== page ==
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FCC Commissioner Calls on Apple and Google to Ban TikTok from App Stores

Brendan Carr, commissioner of the Federal Communications Commission, speaks at the CPAC convention in National Harbor, Md., on Feb. 29, 2020. (Samira Bouaou/The Epoch Times)
Brendan Carr, commissioner of the Federal Communications Commission, speaks at the CPAC convention in National Harbor, Md., on Feb. 29, 2020. (Samira Bouaou/The Epoch Times)

In light of national security threats posed by TikTok, Commissioner Brendan Carr called on both Apple and Google to ban TikTok in their app stores.

Brendan Carr, the Commissioner of the Federal Communications Commission (FCC) addressed the security issue in an open letter to Apple and Google on June 24.

He highlighted on Twitter: “TikTok is not just another video app;” “That’s the sheep’s clothing;” and “It harvests swaths of sensitive data that new reports show are being accessed in Beijing.”

Replying to Carr’s post, Sen. Rick Scott (R-Fla.) also wrote, “For YEARS, @BrendanCarrFCC & I have been warning about Communist China using TikTok to steal American technology and data and the dangerous threat this app poses.”

As indicated in Carr’s letter, TikTok is owned by Beijing-based Byte Dance—an organization that abides by the Chinese Communist Party’s (CCP) surveillance demands.

“Bipartisan leaders in both the Senate and House have flagged concerns,” Carr said.

In the letter addressed to Apple CEO Tim Cook and Google CEO Sundar Pichai, Carr mentioned that multiple U.S. military branches; and national security agencies such as the Department of Defense, Department of Homeland Security, and the TSA; have banned TikTok. Military troops and their dependents are also urged to erase the app from their personal phones.

Carr requested both Apple and Google to comply with their app store policies that claim to protect consumer privacy and safeguard their data.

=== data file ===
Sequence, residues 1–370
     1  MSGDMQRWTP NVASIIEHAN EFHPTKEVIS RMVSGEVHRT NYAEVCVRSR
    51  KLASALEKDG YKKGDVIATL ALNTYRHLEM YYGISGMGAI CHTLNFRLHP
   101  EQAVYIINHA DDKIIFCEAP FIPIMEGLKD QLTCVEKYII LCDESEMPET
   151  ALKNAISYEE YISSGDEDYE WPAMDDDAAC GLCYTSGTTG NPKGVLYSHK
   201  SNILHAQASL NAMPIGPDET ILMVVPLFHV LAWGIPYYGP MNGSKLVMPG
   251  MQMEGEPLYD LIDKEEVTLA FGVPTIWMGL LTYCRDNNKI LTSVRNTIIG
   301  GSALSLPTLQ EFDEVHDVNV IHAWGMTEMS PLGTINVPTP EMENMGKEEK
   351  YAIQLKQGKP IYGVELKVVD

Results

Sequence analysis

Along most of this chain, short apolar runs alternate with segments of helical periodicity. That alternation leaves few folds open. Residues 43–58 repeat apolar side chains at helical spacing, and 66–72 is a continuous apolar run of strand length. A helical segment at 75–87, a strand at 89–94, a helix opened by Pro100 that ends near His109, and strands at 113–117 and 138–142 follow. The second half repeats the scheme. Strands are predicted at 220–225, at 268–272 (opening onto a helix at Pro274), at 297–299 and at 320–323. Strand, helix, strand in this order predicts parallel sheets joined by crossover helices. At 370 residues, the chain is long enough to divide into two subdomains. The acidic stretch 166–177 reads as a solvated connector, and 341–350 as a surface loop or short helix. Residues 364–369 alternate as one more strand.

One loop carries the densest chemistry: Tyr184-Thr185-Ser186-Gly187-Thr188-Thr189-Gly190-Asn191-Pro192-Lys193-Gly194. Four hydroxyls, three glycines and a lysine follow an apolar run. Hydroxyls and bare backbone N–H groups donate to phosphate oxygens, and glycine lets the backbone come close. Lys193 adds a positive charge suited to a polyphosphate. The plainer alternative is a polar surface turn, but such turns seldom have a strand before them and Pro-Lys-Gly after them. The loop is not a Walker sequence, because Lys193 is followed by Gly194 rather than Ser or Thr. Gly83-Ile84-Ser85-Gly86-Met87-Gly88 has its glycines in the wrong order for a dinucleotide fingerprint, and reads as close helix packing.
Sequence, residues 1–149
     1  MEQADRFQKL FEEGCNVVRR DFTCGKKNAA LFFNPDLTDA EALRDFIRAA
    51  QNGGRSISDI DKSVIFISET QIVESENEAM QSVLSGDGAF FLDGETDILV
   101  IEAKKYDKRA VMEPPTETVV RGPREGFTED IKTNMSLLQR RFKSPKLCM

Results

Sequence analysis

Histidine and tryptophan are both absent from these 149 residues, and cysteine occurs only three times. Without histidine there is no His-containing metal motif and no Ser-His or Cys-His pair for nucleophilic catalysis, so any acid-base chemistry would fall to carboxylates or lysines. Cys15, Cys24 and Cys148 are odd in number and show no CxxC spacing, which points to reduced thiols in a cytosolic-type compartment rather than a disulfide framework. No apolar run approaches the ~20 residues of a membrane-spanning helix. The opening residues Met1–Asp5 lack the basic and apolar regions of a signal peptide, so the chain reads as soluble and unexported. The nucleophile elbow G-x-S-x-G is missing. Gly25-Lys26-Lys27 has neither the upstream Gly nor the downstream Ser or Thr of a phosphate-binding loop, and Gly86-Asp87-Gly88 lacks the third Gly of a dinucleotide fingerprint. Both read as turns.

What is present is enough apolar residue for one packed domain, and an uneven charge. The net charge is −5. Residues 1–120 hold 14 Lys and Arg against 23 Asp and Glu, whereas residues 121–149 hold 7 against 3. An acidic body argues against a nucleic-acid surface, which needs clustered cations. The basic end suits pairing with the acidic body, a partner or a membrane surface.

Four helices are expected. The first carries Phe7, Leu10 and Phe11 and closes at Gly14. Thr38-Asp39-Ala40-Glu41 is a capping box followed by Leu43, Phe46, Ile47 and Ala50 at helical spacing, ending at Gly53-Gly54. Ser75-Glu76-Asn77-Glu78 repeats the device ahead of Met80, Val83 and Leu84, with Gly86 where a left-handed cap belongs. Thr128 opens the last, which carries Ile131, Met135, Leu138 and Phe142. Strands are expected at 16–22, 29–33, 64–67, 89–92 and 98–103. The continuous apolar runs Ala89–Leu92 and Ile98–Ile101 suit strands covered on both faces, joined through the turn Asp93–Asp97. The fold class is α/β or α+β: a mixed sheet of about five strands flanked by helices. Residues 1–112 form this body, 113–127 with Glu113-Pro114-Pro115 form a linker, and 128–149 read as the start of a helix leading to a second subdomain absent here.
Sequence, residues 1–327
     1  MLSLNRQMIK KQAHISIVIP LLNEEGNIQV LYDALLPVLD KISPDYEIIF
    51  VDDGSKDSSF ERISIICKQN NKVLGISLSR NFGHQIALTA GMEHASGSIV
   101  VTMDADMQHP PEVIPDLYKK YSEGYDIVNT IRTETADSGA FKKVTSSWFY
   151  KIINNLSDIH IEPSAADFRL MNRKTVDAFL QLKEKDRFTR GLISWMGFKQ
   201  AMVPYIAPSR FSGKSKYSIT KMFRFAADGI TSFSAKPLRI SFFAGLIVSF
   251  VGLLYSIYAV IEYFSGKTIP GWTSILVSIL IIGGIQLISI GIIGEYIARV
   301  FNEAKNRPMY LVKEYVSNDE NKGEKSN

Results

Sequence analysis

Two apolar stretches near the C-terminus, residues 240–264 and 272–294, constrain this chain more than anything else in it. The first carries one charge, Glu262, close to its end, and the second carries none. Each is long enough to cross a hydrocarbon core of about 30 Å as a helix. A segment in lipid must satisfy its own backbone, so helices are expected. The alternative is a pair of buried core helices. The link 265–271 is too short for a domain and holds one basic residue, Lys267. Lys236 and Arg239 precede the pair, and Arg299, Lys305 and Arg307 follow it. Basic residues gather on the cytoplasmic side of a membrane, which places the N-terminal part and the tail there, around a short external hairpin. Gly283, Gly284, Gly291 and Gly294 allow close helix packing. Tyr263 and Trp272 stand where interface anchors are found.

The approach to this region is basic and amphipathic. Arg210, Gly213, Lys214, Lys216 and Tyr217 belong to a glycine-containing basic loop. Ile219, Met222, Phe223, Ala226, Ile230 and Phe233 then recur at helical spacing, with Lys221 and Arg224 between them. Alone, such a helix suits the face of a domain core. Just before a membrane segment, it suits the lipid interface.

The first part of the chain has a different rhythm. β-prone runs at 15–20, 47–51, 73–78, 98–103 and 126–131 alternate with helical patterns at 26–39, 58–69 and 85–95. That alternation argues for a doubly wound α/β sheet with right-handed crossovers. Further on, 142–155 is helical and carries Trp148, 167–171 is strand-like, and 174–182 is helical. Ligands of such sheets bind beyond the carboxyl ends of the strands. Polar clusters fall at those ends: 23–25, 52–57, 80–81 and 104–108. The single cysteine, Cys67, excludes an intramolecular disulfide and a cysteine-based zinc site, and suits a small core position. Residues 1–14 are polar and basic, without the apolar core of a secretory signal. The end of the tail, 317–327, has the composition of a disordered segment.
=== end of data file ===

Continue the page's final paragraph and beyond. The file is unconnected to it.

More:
He demanded both operators respond by July 8, 2022, in the event of not removing TikTok from the app stores, with “the basis for your company’s conclusion that the surreptitious access of private and sensitive U.S. user data by persons located in Beijing, coupled with TikTok’s pattern of misleading representations and conduct, does not run afoul of any of your app store policies,” Carr wrote.

When the Trump administration banned TikTok via an Executive Order in 2020, TikTok rebutted: “TikTok has never, and will never, waver in our commitment to you. We prioritize your safety, security, and the trust of our community—always.”

However, as Carr mentioned in his letter, TikTok agreed to pay $92 million in 2021 to settle lawsuits alleging that the app “clandestinely vacuumed up and transferred to servers in China (and to other servers accessible from within China) vast quantities of private and personally identifiable user data and content that could be employed to identify, profile, and track the physical and digital location and activities of United States users now and in the future.”

In June 2021, President Joe Biden issued an order that revoked former President Donald Trump’s 2020 bans of TikTok and WeChat, but stated that: “If persons who own, control, or manage connected software applications engage in serious human rights abuse or otherwise facilitate such abuse, the United States may impose consequences on those persons in action separate from this order.”

Casey Fleming, a cyber security expert and CEO of strategic advisory firm BlackOps Partners, told The Epoch Times in February: “All of your data on that phone, everything you do, and everything that you have stored on your phone is being sent out of the country, possibly to be used against you.”

As Carr said, “TikTok doesn’t just see its users’ dance videos.”

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